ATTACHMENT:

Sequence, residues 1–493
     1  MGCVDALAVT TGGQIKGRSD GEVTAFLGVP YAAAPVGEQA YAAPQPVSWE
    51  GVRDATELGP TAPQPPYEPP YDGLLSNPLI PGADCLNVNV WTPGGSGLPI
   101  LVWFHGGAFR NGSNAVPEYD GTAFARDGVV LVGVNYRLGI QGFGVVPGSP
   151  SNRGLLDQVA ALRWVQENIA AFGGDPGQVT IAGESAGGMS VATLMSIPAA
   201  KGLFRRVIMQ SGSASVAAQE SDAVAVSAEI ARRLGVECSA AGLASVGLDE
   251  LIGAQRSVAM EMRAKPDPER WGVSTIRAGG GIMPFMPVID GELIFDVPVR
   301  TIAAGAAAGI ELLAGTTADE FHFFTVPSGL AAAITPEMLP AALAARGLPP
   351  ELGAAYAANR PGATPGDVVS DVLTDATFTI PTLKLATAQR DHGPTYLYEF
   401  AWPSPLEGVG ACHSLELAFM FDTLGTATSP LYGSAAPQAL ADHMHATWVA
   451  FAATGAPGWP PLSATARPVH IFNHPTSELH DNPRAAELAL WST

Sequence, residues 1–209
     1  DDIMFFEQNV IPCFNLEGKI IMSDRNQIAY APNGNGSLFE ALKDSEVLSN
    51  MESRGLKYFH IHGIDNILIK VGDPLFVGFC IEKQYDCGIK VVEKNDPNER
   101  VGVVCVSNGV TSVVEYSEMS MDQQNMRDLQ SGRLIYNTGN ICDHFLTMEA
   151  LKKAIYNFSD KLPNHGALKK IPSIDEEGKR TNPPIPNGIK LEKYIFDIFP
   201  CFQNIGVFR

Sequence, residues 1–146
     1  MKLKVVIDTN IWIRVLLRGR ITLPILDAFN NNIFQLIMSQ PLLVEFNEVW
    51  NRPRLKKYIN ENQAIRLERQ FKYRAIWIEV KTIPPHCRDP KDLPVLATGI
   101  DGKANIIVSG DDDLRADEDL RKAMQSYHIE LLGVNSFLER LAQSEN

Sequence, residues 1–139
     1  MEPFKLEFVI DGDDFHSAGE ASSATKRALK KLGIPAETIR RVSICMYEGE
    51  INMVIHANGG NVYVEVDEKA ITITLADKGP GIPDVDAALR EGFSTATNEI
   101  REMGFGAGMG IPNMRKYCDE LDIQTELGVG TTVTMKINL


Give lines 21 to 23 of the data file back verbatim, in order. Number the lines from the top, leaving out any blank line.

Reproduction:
   101  DGKANIIVSG DDDLRADEDL RKAMQSYHIE LLGVNSFLER LAQSEN

Sequence, residues 1–139
     1  MEPFKLEFVI DGDDFHSAGE ASSATKRALK KLGIPAETIR RVSICMYEGE